The more important question is why any of this is the government's business. Granted that obesity is a health issue, why is it a public health issue? The answer from Brownell and like-minded activists is that the government must rescue consumers -- especially children -- from the environmental forces that make them fat, thereby rescuing taxpayers from the burden of obesity-related medical expenses. They propose to accomplish this mission through a combination of taxes, subsidies, censorship, and regulation. In his book Food Fight (co-authored by Katherine Battle Horgen), Brownell says "profound change is necessary." Among other things, the government must "change the basic economics of food," redesign cities so that "times, places, and incentives for people to be physically active [are] engineered into daily life," "prohibit marketing of products to children," "prohibit snack foods and soft drinks from schools," and "prohibit the operation of businesses selling food within a certain distance of schools." If legislatures fail to go along with this agenda, "litigation may be necessary."
The war on fat is the latest manifestation of a collectivist philosophy that says the government has a duty to protect "public health" by discouraging behavior that might lead to disease or injury. It also reflects an anti-capitalist perspective that views people as helpless automatons manipulated into consuming whatever big corporations choose to produce. The anti-fat crusaders want to manipulate us too, but for our own good. They seek to reshape us by reshaping the world.
Before you dismiss this agenda as the pie-in-the-sky wish list of wannabe social engineers, consider the trajectory of the Twinkie tax, which has gone from reductio ad absurdum to serious policy proposal in just a few years. In a June 1994 newspaper ad that criticized proposals to sharply raise tobacco taxes, R.J. Reynolds said: "Today it's cigarettes. Will high-fat foods be next?" Anti-smoking activists traditionally responded to this sort of slippery-slope argument by insisting that cigarettes were unique, "the only legal product that when used as intended causes death." To suggest that anti-smoking measures might pave the way for attacks on cheeseburgers and ice cream, they said, was just silly.
Yet six months after R.J. Reynolds tried to scare people with the outlandish prospect of a tax on fatty foods, Brownell endorsed the idea on the op-ed page of The New York Times, citing the precedent set by cigarette taxes. He said "taxing foods with little nutritional value" would deter consumption and help raise money for bike paths, running tracks, and nutrition education. "Fatty foods would be judged on their nutritive value per calorie or gram of fat," he explained. "The least healthy would be given the highest tax rate."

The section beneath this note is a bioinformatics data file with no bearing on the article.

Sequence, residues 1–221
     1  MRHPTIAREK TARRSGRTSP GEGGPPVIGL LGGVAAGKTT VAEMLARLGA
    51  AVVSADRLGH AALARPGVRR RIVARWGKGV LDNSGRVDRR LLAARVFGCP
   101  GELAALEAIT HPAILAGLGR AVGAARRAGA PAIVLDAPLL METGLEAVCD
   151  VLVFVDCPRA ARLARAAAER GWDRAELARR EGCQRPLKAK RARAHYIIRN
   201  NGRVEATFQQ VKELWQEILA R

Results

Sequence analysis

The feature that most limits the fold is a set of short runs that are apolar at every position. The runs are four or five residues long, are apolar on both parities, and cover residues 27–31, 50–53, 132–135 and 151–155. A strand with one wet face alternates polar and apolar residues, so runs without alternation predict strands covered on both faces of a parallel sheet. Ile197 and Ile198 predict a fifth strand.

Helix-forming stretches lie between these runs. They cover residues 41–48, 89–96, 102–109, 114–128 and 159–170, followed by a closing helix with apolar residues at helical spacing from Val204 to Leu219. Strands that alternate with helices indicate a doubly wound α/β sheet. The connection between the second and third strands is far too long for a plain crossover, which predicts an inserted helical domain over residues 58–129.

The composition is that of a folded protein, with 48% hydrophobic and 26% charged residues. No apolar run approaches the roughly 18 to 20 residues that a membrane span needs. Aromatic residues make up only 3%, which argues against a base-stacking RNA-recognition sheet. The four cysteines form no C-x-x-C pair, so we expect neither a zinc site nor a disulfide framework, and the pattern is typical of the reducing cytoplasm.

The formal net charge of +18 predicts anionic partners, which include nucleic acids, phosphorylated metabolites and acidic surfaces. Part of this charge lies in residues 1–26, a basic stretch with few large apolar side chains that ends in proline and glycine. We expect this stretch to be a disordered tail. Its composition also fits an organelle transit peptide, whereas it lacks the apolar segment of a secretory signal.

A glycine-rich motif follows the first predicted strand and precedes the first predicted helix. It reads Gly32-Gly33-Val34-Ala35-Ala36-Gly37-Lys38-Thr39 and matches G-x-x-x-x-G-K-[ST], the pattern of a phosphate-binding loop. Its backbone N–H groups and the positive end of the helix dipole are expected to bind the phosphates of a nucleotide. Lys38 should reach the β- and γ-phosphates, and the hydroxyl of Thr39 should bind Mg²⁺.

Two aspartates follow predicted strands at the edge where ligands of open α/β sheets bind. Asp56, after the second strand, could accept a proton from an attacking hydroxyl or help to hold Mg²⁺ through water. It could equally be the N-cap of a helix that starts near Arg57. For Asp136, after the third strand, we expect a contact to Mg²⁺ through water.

Brownell was serious, and pretty soon people started to take him seriously. At the end of 1997, U.S. News & World Report picked what it dubbed the "Twinkie tax" as one of "16 Silver Bullets: Smart Ideas to Fix the World." The following year, The New Republic's Hanna Rosin chided "alarmist" commentators who had criticized the notion of using taxes to encourage better eating habits. Aside from Brownell and a couple of other academics, she said, very few people were voicing support for the idea. One of them, it turned out, was Hanna Rosin. "It's too bad Brownell isn't more popular," she wrote.
By last year, TV commentator Morton Kondracke, the very embodiment of inside-the-Beltway centrism, was opining in his syndicated column that "a hefty tax based on the fat and sugar content of foods would discourage consumption, provide revenue for education programs...and recover some of the billions that obesity-related illnesses cost the government in Medicare and Medicaid outlays." He presented the idea as a sensible, moderate alternative to "allowing trial lawyers to get rich suing McDonald's, Wendy's, and Burger King."
Such endorsements may not constitute a stampede, but U.S. News, The New Republic, and Morton Kondracke are good barometers of what's considered part of mainstream political debate. It seems the Twinkie tax qualifies.
So far legislative proposals to implement the idea, including bills in New York and California, have not gone anywhere. But in his book Brownell plausibly argues that modest junk food taxes aimed more at revenue raising than behavior modification have a good chance of passing. Although Brownell wants the money earmarked for anti-obesity efforts, it's not hard to imagine a legislature welcoming this new source of revenue as a way to avoid spending cuts. "Small taxes with earmarked money...may be the way to begin," Brownell and co-author Horgen write. "This would introduce the concept to the public, and if the earmark programs were successful, higher taxes might be acceptable at a later time."
Ultimately, Brownell wants to combine the taxes with subsidies for fruits, vegetables, and other foods deemed healthy, achieving centrally planned prices designed to minimize weight, maximize nutritional value, and "thereby improve public health." Given that Brownell is undaunted by the complexity of this task, perhaps it's not surprising that he does not bother to make a persuasive case that price is an important barrier to healthier eating. Potato chips are cheap, it's true, but so are most fruits and vegetables. At my local Giant supermarket, green beans, apples, kale, and fresh carrots cost $1.99, $1.49, 99 cents, and 89 cents a pound, respectively. A 20-ounce bag of Utz potato chips goes for $4.19, or $3.35 a pound.
Anti-fat activists do not let such mundane facts obstruct their vision of food prices perfectly geared toward health improvement. In her 2002 book Food Politics, New York University nutritionist Marion Nestle, who agrees with Brownell that the government should be doing much more to fight obesity, notes that "it is not difficult to select a health-promoting diet...at quite low cost." Yet 24 pages later, she suggests that "the prices of fruits and vegetables...could be subsidized to compensate in part for the low economic added value of these foods -- just as is already done through price supports for dairy foods and sugar." Price supports, of course, make prices higher, not lower, but you get the idea.